Asean+3 growth tipped to slow sharply to zero in 2020 before rebounding strongly to 6% in 2021: AMRO
THE economic growth of Asean, China, Japan and South Korea is tipped to slow sharply to zero this year, down from 4.8 per cent last year. It is then expected to pick up strongly to 6 per cent in 2021, says an updated forecast by AMRO (the Asean+3 Macroeconomic Research Office).
The regional macroeconomic surveillance organisation said in a statement: "The Covid-19 pandemic continues to cast a long, dark - and uncertain - shadow over the outlook for growth, having wreaked havoc on the global economy since February 2020."
The latest outlook for Asean+3, based on data as at Aug 5, is a far cry from AMRO's outlook in April, when it projected the region to grow 2.2 per cent in 2020 and 5.5 per cent in 2021.
"We expect a gradual U-shaped recovery in the Asean+3 region, led by China," said Khor Hoe Ee, AMRO's chief economist. AMRO expects China to grow 2.3 per cent in 2020 and 7.0 per cent in 2021.
Dr Khor said nine of the 14 Asean+3 economies are likely to shrink this year. This includes Singapore, which is tipped to post negative growth of 6.0 per cent before bouncing back to 7.0 per cent growth next year.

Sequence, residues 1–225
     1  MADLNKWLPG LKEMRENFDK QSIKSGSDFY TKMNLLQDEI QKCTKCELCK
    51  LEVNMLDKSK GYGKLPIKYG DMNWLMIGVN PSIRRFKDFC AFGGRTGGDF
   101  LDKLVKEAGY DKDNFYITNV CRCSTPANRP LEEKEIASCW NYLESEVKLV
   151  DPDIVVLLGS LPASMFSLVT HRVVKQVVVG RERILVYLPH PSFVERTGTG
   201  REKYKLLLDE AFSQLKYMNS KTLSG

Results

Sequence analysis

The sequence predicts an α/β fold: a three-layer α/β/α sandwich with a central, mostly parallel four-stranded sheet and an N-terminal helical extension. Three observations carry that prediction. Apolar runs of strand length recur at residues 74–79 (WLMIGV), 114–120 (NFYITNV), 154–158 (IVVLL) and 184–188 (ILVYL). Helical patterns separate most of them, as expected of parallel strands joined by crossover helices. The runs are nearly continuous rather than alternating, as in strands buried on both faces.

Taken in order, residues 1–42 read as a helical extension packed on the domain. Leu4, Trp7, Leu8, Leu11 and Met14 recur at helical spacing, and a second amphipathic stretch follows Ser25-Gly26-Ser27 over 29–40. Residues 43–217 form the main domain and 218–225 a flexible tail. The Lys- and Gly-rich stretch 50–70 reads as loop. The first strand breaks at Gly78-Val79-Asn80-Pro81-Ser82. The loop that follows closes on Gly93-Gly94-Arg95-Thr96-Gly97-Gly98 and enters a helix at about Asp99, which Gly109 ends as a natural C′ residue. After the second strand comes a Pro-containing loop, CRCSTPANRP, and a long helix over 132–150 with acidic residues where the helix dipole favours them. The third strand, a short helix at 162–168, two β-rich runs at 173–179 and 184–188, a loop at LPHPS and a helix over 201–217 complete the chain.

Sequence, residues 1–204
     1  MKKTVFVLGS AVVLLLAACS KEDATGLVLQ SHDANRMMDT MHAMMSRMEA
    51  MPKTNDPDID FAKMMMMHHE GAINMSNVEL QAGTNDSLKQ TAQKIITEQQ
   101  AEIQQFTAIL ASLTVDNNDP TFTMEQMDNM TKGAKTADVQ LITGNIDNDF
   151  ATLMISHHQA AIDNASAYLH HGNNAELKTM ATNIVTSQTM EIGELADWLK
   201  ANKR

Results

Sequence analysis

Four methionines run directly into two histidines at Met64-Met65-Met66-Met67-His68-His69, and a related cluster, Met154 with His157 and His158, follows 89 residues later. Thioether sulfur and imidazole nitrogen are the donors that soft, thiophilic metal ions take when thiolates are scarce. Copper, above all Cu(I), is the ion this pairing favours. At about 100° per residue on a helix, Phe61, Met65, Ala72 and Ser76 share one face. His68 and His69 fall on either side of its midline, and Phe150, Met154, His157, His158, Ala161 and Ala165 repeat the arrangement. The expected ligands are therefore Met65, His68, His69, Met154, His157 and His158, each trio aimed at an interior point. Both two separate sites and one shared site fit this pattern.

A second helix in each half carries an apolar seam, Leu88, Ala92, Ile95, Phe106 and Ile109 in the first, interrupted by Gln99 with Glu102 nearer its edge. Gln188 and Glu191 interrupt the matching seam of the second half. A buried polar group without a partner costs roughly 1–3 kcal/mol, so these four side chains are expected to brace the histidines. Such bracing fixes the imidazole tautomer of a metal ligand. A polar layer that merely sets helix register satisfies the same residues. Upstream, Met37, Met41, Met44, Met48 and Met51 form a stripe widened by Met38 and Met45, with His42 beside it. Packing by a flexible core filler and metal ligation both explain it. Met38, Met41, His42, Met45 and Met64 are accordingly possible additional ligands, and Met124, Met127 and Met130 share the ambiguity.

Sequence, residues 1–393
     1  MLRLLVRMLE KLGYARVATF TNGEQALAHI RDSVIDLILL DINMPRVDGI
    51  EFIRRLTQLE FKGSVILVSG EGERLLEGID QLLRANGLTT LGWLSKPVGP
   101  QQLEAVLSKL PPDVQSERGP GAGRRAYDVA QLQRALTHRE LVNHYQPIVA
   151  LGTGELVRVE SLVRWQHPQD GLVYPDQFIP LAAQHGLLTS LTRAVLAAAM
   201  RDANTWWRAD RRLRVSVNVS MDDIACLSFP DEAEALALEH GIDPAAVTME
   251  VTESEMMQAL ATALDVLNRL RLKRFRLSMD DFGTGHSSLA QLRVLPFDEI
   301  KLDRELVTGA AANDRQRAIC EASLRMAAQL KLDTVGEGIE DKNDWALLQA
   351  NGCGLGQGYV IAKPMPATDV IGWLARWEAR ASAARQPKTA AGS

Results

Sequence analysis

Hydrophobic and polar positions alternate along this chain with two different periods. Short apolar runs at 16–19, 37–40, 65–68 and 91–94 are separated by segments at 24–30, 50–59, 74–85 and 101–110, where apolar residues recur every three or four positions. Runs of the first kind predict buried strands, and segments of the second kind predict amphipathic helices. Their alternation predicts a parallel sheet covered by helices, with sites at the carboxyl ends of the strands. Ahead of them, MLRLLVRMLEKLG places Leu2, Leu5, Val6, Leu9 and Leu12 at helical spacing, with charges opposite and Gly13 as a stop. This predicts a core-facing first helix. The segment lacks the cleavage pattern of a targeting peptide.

The economies expected to continue to grow in 2020 are China and the smaller Asean member states - Brunei (1.6 per cent), Laos (0.5 per cent), Myanmar (1.1 per cent) and Vietnam (3.1 per cent).
AMRO's growth forecasts are based on the assumption that both global and regional efforts are effective in containing the spread of the coronavirus. It said the resurgence in infections in some parts of the region and elsewhere have heightened caution about another spate of lockdowns, which the Asean+3 economies could ill afford.
"The biggest challenge facing Asean+3 policymakers in the second half of 2020 will be balancing the trade-off between easing restrictions to revive their economies and risking another wave of infections," said Ong Li Lian, AMRO's group head and lead specialist for financial surveillance. "Managing the exit from the raft of pandemic policies will be the key to regional financial stability."